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"The results of these surveys show that in spite of the volume of political advertising on television, radio and the internet, Missourians see newspapers as the best place to look when they want information to help them decide how to vote," said Doug Crews, executive director of MPA.
While the "most helpful" perception of advertising in newspapers rose from 12 percent in 2002 to 21 percent in 2010, the same rating for television advertising went from 9 percent to 13.5 percent and for radio advertising from 0.5 percent to 3.8 percent.
"Most helpful" ratings for social media advertising were 1.3 percent in 2010 after not registering in the earlier surveys. Websites for candidates and issues actually fell on the "most helpful" question, from 15.5 percent in 2002 to 6 percent in 2010.
"Candidates and issue advocates would do well to take note of these findings," Crews said. "When people are looking for information to help them decide how to vote, they look to advertising in newspapers."
Missourians also perceive political ads in newspapers to be much less offensive than advertisements on television. In the 2010 survey, only 2.5 percent of the respondents said newspaper ads were the most offensive, while 53.8 percent said political ads on television were the most offensive.
When asked what medium had the "most believable" political ads, newspapers polled 19 percent, television got 7 percent and radio 3.8 percent.
This research shows that few Missourians are offended by political ads in newspapers, and many find them to be very helpful and believable, Crews said. At the same time, about 71 percent of the people surveyed "agreed" (15.4 percent) or "strongly agreed" (55.7 percent) that negative ads on television made them less likely to vote for that candidate or issue.
Other media choices in the surveys included live speeches, candidate brochures, telephone calls, websites, social media, several other mediums, "other" and "don't know."
Pulse Research polled 400 Missourians who voted in November from all counties in the state for the 2010 survey.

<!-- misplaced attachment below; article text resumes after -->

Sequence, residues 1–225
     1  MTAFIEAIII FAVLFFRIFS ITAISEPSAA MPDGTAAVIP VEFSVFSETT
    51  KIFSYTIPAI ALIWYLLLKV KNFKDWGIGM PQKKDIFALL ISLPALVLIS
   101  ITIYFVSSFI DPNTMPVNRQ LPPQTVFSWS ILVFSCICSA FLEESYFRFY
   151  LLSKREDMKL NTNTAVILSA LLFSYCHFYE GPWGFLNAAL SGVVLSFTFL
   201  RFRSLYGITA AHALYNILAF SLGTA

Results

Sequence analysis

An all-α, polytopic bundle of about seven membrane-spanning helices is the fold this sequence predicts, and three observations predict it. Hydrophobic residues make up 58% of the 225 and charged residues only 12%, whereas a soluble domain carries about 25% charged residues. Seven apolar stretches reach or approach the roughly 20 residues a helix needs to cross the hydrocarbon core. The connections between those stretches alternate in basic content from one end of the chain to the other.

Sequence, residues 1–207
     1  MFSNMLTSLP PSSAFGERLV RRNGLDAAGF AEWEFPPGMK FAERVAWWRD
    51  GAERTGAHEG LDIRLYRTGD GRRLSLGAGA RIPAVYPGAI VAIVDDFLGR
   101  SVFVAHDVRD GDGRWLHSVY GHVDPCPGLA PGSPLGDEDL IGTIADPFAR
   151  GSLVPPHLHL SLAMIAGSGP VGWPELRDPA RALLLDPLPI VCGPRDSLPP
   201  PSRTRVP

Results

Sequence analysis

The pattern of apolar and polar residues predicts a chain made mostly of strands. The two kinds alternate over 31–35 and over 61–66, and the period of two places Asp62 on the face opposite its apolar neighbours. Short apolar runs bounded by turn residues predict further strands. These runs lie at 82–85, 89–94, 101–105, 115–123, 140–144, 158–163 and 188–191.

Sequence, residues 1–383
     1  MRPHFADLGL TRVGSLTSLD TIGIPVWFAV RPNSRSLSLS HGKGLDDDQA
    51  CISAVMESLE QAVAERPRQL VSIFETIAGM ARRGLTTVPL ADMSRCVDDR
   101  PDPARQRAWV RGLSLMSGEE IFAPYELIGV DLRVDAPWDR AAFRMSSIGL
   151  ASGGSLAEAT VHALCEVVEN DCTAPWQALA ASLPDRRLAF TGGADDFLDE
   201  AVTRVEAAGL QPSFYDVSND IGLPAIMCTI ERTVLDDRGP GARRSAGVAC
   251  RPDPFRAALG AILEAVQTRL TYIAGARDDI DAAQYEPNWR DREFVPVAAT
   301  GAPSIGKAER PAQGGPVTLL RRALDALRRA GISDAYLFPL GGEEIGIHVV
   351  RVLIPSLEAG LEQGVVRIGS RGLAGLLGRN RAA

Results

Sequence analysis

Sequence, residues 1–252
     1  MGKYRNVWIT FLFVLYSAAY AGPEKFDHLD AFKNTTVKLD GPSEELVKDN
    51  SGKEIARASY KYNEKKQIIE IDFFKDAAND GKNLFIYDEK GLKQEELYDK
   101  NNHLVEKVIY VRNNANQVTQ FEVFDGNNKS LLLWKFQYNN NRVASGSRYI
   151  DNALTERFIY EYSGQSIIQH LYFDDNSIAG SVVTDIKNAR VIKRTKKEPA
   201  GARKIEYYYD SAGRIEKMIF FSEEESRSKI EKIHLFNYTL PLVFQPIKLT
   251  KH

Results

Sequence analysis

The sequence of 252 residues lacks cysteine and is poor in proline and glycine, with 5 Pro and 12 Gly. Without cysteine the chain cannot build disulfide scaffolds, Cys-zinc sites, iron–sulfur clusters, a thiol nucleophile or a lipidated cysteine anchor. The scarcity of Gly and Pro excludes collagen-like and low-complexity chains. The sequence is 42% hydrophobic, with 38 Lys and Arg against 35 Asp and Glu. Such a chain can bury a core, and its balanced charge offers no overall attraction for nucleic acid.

Recent reports from Pulse Research, Inc. show that most people read their local community newspaper for information about local politicians and their campaigns (July 2010). 53% respondents said newspapers are their primary source compared to just 22.4% for television. Radio, the Internet and direct mail only received 12.2% combined!
The most recent Media Audit report shows the cume audience “past year voted in local, state, national election” of the Columbia (MO) Daily Tribune nearly doubles that of the two local TV news stations (June 2009). Add the 30 other newspapers, which have avid readers within the two TV news signals, and newspapers are clearly the distinct leader in reaching likely Mid-Missouri voters.
Scarborough reports relating to The Kansas City Star have similar results (2009). None of the four local network television stations in Kansas City come anywhere close to the reach of The Star - in PRIMETIME! Kansascity.com is even 36% higher than the nearest local tv website, beating it by more than 100,000 adults.
St. Louis? Running a spot on every newscast on KSDK for an entire week would reach 676,800 (41%) of Missouri voters in the St. Louis DMA. (How many Illinois voters do they reach? Illinois voters who can't vote in Missouri.) You'd reach TWICE THAT many Missouri voters running in the Post-Dispatch, Suburban Journals & STLtoday.com for a week (1,107,100 or 67%). Scarborough 2009.
And, don't forget the many community weekly, community daily, and niche newspapers that round out the metro- and non-metro areas of Missouri. Our state has more than 300 newspapers.
So the question remains, why do politicians and advocacy groups dump the largest portion of their budgets into a medium that is barely half as effective as newspapers?
Voters read newspapers.
Wednesday May 8th
Yesterday was teacher day. Did you thank someone for their contributions to education? Tell us about them! Thank you to the thousands of teachers across Missouri who partner with their community newspapers to enrich the curriculum by using the newspaper in their classrooms through Newspaper In Education programs! http://mopress. Link
Tuesday May 7th
We'd like to introduce Mark and welcome him to our team! Mark Nienhueser of Jefferson City, vice president of sales and recruiting for Servicenoodle.com, has been hired as the new advertising director for Missouri Press Service, Inc. Link
Wednesday April 17th
1999 MPA President, Hall of Famer Dies. Robert Wood Wilson, 78, of Milan, Missouri passed away Sunday, April 14, 2013 at St. Link